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Pfc. Jimmie Frost, Spc. Daniel Buff and Spc. Gary Hiatt with the 89th Military Police Brigade in Baghdad encourage Ahmed, an Iraqi boy who visits with soldiers, to pose like a body builder. Many of the kids in the International Zone wear T-shirts given to them by troops.
Pfc. Jimmie Frost, Spc. Daniel Buff and Spc. Gary Hiatt with the 89th Military Police Brigade in Baghdad encourage Ahmed, an Iraqi boy who visits with soldiers, to pose like a body builder. Many of the kids in the International Zone wear T-shirts given to them by troops. (Juliana Gittler / S&S)

BAGHDAD — They buy chewing gum from children outside the exchange in the International Zone or sneak food to others on patrols around Baghdad.

Charities, military commands and individuals have donated thousands of school supplies, shoes and provisions to help the children of Iraq, but ordinary soldiers and Marines are also finding comfort and humanity in their daily interaction with local children.

Across Iraq, servicemembers give out candy and water to let kids see a softer side to warriors.

“We’re out there every day working with the kids. Some even recognize us, and remember our name,” Marine Cpl. David. P. Meinhold, a reconnaissance Marine with the 11th Marine Expeditionary Unit in Najaf, said in an e-mail.

It’s more that just a warm fuzzy.

That interaction helps time pass, helps distinguish the good guys from the bad, and could help the future of Iraq, according to mental health professionals and the servicemembers themselves.

“I think it gives Marines and soldiers something meaningful to do other than fighting. For the most part, [They’re] only fighting a small percentage of their time here,” said Army Reserve Capt. Michael Brand, a clinical social worker with the 1908th Combat Stress Control Detachment. Brand is also an assistant professor at the University of Oklahoma Health Sciences Center, College of Public Health.

“It also reinforces the big picture — the mission, which is to liberate and improve the quality of life in Iraq,” he said.

Servicemembers give a more simplistic reason for interacting with kids: to kill time.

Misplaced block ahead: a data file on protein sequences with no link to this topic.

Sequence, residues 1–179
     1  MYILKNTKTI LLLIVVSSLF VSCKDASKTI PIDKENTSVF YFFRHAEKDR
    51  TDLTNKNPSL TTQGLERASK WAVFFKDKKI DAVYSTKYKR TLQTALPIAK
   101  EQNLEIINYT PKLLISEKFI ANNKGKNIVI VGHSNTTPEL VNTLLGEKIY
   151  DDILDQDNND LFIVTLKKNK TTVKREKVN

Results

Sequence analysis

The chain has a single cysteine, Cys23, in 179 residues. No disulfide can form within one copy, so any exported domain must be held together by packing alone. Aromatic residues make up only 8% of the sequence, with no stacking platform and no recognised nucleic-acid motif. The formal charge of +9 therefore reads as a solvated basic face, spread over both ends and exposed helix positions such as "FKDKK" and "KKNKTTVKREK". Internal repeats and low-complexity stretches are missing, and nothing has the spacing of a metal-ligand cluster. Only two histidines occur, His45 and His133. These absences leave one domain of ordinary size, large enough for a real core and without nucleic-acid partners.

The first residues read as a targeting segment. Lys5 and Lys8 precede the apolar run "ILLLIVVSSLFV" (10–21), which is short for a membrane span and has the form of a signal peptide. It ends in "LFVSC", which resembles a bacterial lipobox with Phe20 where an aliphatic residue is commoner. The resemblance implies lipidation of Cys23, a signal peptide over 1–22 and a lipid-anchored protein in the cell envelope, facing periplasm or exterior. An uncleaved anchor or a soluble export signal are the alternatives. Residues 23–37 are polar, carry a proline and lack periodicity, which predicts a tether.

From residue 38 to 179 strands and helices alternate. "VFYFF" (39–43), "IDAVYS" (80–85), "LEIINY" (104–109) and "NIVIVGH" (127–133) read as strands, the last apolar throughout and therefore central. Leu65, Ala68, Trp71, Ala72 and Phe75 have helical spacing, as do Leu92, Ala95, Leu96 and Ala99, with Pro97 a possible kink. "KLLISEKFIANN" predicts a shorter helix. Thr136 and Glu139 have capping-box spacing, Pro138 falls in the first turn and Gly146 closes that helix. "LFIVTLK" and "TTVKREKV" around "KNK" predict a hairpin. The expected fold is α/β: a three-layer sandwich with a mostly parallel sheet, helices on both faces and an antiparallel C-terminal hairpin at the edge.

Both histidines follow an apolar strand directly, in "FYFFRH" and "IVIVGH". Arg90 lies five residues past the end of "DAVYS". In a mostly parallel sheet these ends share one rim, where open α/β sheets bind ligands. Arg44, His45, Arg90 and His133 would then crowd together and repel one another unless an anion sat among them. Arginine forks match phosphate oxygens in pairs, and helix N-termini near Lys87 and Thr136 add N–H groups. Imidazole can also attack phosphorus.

“We do mess with the kids. It helps pass the time more. It’s something to do besides just sitting here,” said Spc. Gary Hiatt, with the 89th Military Police Brigade in Baghdad.

Children coming by to sell things and hang around are the only entertainment for soldiers waiting by their vehicles in the International Zone between patrols.

Servicemembers say they don’t put much thought into the interaction. Their families might send gifts to give out to the kids. But many say they don’t feel compelled to help because of guilt or because their commands tell them to.

“It’s just for kicks,” Hiatt said. “We’re bored, there’s nothing else to do.”

Out on patrols, the interaction can serve a greater purpose.

Children have informed soldiers and Marines about weapons caches. They’ve helped tear down anti-coalition posters in Baghdad.

“Sometimes, they’ll help us with stuff. A lot of them like to do things for you,” said Sgt. Nathan Melton, with the 2nd Battalion, 162nd Infantry Regiment with the Oregon National Guard serving in Baghdad.

“I think getting out and having [humanitarian assistance] interaction helps distinguish between average folks and the bad guys,” Brand said.

For servicemembers angry about some of their experiences here, interacting with children can dissipate the anger, he said.

“It’s weird. Initially we’re out there holding security, trying to be a hard target,” said Meinhold. “We don’t want to drop our guard. But the kids will run right up to us and start talking to us immediately.”

Servicemembers say the children can get out of hand or mouthy, but they also can be endearing.

“They’ve impressed us. They’re tough. That’s one thing I’ve noticed,” Melton said.

The soldiers also know the positive interaction helps build support for coalition forces.

“When they grow up,” said Pfc. Jimmie Frost, with the 89th MPs, “they may not hate us.”

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